Differences between foreign entities and US-based ones:

  • The name of the entity cannot be similar or identical to its owner. For example, if a company is set up in Nevada by a person named Juan Gonzalez under the name “Juan Gonzalez Inc.,” the company cannot simply be Juan Gonzalez Inc.
  • The Articles of Organization must be filed within 12 months, or the entity will automatically cease to exist. In order to keep it active, an annual report has to be filed with the Secretary of State no later than 60 days after its fiscal anniversary date. If this is not done, the entity will cease to exist.
  • Nevada is not tax-neutral. This means that if you own a Nevada company, you will have to pay taxes to both your home country and the USA based on any income generated from outside of those two regions.

What material changes require amendments to Nevada Articles of Organization/Restated Certificate?

Any changes to the address of your business in Nevada must be reported within 30 days with a statement of change.

This also applies to any change in ownership, management, or control of the LLC or Corporation, such as replacing a member with a new one for whatever reason, appointing/removing someone from the initial list of managers, adding additional shareholders, and so on.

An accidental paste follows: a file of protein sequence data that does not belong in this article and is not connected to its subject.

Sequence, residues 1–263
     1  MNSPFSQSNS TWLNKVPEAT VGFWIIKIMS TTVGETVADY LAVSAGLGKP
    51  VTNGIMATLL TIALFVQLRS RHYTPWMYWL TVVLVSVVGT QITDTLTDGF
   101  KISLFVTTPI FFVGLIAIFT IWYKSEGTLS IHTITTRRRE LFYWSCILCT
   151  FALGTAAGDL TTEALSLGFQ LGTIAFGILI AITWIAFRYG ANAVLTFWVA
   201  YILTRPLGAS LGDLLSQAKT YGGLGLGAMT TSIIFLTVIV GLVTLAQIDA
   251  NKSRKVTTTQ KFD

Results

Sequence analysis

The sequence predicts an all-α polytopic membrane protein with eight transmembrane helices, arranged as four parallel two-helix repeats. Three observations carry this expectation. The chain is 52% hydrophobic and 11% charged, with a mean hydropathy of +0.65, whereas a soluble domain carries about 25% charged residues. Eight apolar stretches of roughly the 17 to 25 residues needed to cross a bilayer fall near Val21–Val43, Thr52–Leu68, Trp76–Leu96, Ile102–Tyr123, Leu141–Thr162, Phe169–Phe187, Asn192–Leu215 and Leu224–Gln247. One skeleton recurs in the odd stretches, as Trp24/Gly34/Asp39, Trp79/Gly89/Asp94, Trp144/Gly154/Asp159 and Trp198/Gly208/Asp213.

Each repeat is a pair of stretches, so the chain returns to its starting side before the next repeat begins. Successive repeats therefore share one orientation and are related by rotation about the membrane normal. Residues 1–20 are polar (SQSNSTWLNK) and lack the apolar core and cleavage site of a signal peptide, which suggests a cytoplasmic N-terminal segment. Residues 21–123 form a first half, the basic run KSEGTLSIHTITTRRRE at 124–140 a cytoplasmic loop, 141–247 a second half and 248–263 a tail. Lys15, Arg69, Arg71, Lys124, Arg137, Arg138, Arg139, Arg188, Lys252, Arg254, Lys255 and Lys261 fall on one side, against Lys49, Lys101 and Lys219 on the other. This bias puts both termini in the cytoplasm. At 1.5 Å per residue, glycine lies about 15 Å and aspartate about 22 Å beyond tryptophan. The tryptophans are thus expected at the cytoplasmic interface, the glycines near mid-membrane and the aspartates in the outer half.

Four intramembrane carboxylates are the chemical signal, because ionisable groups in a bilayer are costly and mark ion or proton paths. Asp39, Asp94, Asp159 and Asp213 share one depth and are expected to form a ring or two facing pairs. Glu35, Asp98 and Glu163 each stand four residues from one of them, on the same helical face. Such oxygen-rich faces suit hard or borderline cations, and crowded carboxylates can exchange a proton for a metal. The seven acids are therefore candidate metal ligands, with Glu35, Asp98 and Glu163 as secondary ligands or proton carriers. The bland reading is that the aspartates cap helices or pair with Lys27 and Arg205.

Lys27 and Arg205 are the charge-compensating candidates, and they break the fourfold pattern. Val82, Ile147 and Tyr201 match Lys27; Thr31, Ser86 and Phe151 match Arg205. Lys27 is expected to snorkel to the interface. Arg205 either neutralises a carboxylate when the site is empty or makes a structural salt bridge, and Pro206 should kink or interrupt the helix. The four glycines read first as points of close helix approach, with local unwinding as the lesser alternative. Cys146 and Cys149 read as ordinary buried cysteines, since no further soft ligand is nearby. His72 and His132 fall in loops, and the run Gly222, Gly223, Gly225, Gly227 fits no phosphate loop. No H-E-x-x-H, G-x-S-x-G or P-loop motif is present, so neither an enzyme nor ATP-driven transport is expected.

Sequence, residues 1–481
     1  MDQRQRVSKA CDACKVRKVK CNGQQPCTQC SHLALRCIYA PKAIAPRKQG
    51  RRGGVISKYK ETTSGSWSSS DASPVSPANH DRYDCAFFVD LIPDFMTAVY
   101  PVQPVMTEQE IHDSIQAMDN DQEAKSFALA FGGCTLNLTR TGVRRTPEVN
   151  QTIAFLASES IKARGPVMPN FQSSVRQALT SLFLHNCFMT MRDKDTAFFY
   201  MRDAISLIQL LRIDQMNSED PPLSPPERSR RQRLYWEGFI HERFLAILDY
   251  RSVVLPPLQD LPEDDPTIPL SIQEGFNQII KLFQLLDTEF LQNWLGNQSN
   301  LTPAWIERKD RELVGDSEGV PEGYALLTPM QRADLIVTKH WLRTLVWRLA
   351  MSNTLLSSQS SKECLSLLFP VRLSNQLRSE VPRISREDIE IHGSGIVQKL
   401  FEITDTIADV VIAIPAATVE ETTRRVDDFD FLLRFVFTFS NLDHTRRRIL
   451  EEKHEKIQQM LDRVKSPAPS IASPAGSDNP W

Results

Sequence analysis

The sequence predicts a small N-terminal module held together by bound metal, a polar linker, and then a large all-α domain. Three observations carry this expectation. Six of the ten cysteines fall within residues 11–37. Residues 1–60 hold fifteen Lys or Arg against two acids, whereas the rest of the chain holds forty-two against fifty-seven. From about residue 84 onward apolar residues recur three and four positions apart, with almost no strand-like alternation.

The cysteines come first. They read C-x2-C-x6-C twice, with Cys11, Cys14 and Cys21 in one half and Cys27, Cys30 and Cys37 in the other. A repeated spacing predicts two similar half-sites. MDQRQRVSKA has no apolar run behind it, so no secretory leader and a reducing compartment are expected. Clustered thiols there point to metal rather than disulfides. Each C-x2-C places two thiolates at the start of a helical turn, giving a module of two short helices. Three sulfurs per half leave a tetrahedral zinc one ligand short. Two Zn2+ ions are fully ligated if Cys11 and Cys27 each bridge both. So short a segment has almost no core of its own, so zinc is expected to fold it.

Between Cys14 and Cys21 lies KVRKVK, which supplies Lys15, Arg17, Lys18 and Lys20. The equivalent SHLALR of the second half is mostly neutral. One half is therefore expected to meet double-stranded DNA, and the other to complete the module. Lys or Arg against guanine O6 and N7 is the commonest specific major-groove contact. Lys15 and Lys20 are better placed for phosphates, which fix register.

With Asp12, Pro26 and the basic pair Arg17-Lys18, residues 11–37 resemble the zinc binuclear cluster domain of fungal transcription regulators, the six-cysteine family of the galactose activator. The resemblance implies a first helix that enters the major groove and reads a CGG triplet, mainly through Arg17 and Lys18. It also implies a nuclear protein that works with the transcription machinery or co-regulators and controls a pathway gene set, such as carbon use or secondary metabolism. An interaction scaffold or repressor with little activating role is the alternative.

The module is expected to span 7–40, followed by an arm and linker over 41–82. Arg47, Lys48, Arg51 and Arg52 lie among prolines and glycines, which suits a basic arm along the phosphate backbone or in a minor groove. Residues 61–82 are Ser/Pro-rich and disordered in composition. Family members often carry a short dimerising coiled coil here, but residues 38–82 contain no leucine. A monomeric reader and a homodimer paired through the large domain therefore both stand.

Any change that requires an amendment should be done by the current officers of the company.

What are the requirements to file an annual report for Nevada Corporation or Non-Resident LLC?

A power of attorney must be dated no earlier than six months prior to the date on which it is filed.

It must be signed by an authorized member and contain a copy of their photo identification.

If the corporation has more than 10 members, the filed report must contain a list of members with their full name and residential address.

After the initial period, an annual report has to be filed within 60 days after the fiscal anniversary date.

The report is due no later than April 1st for corporations whose financial year ends December 31st; if it ends on any other date, then the deadline will be on that date.


Setting up your business in Nevada as an LLC or Corporation is fast and easy.

There are no minimum capital requirements, you don’t need to hire a lawyer for most parts of the process, and the state fees are relatively low (starting at around $200)

There are some things to consider before doing so, though – it’s worth talking with someone who has experience with forming businesses in Nevada to get the complete picture.

The good news is that you have found this article, so now you are one step closer to making an informed decision.